Tekakwitha


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Tek•a•kwith•a

(ˌtɛk əˈkwɪθ ə)
n.
Kateri or Catherine, 1656–80, Mohawk Indian convert to Roman Catholicism.
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References in periodicals archive ?
Dans La vie gracieuse de Catherine Tekakwitha, le jeune artiste propose plusieurs scenes decrivant l'univers de cette vierge iroquoise a l'existence mouvementee, convertie au christianisme par les Jesuites a la fin du dix-septieme siecle (fig.
Catherine Tekakwitha, a Mohawk convert who followed a life of penance and chastity without having taken formal religious vows, died in April 1680; after her death, Indigenous women of New France described Catherine's "apparitions" to them in which she bid farewell and rose into heaven (Greer, Mohawk Saint 19).
Allan Greer has described this book as a "dual biography" of the famous Blessed Catherine Tekakwitha and her hagiographer, the Jesuit priest Claude Chauchetiere.
The bronze plaque at her feet read "Blessed Kateri Tekakwitha".
Palafox: Metaphorical Images of Disputed Sainthood"; Julia Boss, "Writing a Relic: The Uses of Hagiography in New France"; Allan Greet, "Iroquois Virgin: The Story of Catherine Tekakwitha in New France and New Spain"; Kathleen Ann Myers, "'Redeemer of America': Rosa de Lima (1586-1617), the Dynamics of Identity, and Canonization"; and William B.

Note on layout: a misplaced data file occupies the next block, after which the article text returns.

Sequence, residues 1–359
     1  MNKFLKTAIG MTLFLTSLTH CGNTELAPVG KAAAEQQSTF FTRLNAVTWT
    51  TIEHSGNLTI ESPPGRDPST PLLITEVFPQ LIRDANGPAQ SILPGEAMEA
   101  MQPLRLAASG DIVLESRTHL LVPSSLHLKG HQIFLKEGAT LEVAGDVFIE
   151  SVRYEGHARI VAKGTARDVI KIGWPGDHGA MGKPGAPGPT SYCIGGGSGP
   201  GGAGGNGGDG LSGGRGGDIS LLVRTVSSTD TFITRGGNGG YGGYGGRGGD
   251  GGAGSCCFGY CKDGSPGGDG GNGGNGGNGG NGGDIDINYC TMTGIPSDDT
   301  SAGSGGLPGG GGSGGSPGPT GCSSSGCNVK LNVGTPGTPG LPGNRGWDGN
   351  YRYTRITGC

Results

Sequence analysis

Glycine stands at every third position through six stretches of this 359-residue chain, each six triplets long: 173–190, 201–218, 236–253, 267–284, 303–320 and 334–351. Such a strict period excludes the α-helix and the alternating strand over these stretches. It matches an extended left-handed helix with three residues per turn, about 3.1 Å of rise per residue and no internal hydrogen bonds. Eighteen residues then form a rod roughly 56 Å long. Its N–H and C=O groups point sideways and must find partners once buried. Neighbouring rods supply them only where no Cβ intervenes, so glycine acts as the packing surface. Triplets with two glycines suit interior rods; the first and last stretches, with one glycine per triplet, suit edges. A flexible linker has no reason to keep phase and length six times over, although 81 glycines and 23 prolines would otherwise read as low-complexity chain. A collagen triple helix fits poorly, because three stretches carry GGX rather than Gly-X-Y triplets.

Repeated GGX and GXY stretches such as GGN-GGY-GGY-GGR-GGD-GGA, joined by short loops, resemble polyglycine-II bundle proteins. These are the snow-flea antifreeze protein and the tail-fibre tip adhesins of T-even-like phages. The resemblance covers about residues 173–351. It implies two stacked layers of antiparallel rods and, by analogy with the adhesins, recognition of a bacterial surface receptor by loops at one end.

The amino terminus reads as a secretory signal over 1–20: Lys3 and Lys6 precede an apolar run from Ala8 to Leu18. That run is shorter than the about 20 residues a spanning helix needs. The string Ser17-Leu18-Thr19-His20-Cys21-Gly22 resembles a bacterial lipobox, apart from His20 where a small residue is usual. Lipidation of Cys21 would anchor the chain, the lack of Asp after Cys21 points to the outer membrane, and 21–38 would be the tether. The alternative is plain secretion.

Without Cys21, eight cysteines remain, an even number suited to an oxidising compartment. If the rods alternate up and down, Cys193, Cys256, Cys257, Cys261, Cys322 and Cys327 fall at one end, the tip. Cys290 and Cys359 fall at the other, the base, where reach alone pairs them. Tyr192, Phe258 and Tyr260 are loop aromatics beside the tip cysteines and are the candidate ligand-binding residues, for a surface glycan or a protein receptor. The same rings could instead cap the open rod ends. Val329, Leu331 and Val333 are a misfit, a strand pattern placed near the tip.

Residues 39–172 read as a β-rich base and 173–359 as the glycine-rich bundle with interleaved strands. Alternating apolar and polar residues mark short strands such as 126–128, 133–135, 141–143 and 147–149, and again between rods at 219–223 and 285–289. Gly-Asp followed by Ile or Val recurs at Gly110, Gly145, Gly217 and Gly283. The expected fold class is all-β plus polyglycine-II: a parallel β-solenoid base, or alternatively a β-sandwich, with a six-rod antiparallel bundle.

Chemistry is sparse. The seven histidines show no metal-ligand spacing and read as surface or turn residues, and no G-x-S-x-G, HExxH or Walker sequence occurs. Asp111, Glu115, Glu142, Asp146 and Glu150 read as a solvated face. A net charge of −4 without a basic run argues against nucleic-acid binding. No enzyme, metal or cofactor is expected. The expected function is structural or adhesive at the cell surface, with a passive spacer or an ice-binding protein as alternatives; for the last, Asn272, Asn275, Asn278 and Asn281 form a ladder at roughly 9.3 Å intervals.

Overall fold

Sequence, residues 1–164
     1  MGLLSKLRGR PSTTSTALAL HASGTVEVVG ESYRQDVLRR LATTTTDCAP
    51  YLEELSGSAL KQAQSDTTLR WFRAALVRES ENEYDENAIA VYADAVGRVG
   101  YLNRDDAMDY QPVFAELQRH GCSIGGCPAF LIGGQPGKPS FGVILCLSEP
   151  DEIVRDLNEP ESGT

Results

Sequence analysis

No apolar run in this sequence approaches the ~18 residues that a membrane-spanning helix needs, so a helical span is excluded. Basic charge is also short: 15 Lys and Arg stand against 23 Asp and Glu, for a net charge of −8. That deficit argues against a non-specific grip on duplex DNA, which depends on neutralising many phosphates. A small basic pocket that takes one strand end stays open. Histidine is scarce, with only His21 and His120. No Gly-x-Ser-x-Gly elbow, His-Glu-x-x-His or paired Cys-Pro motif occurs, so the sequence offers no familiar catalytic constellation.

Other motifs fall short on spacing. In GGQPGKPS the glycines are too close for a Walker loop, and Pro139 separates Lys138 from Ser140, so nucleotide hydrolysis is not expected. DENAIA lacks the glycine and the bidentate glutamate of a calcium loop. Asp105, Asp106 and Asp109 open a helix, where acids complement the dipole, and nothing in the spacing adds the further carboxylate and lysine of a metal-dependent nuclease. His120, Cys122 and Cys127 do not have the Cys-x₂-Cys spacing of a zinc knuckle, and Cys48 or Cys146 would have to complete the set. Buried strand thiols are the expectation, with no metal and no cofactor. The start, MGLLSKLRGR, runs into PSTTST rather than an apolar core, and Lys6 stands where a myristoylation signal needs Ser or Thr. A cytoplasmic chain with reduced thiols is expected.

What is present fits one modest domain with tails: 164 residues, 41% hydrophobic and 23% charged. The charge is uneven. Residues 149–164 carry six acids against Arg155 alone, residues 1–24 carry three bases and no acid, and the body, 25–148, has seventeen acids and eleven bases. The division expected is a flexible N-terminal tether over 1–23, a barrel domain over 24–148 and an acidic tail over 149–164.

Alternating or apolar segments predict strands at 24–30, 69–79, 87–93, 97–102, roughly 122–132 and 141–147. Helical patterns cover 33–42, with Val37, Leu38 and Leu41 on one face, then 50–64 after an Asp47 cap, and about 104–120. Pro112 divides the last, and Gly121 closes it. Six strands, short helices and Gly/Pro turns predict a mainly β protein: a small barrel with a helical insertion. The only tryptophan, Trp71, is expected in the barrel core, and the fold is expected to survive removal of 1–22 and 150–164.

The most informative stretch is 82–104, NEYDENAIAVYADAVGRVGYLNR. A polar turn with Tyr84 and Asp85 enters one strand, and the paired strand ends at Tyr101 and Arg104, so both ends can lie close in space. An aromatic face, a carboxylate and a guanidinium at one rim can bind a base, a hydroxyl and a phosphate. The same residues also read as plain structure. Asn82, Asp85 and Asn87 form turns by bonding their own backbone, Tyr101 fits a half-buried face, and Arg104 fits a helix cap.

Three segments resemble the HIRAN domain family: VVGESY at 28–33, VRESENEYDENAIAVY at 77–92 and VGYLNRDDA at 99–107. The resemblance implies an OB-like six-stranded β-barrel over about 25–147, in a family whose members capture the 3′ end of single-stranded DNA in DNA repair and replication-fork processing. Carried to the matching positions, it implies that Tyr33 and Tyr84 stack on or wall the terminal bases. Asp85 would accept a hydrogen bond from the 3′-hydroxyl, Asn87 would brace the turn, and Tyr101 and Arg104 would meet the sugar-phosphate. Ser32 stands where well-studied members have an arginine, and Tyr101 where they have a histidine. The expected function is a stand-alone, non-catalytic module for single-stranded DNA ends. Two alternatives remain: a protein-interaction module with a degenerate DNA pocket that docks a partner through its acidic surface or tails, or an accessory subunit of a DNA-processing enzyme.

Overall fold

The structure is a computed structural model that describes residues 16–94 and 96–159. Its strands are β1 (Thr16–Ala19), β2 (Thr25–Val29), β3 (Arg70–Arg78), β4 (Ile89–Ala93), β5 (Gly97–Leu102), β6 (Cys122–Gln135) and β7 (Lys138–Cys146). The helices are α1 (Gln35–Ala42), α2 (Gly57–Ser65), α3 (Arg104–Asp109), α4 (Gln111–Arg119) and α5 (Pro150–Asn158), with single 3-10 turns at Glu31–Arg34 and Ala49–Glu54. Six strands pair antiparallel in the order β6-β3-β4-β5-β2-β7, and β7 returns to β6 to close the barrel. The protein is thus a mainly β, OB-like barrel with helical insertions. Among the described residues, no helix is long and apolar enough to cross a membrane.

Although it was only a few days in 1999 and again in 2000, the time I spent with more than 1,500 Native Americans at the Tekakwitha Conferences has had a tremendous impact on me.
The final section "scrutinizes" the recent history of the "Tekakwitha Conference" and a series of discussions which took place between Lakota medicine men and Jesuit priests.
Today there are Assembly of God Churches in Hoopa, on the Yurok Reservation at Weitchpec and at Pecwan, in Karuk country at Orleans, and so on; Mormon, Seventh Day Adventist, various fundamentalist Protestant churches as well as Roman Catholic missions--including the Mission of Blessed Kateri Tekakwitha (the Algonquin-Mohawk saint) at Hoopa--all attract significant Indian congregations.
Vollmann seems to find its embodiment in Kateri Tekakwitha, an Iroquois woman baptized in 1676 and now a candidate for sainthood.
Francis Mission (South Dakota), the Tekakwitha Conference, St.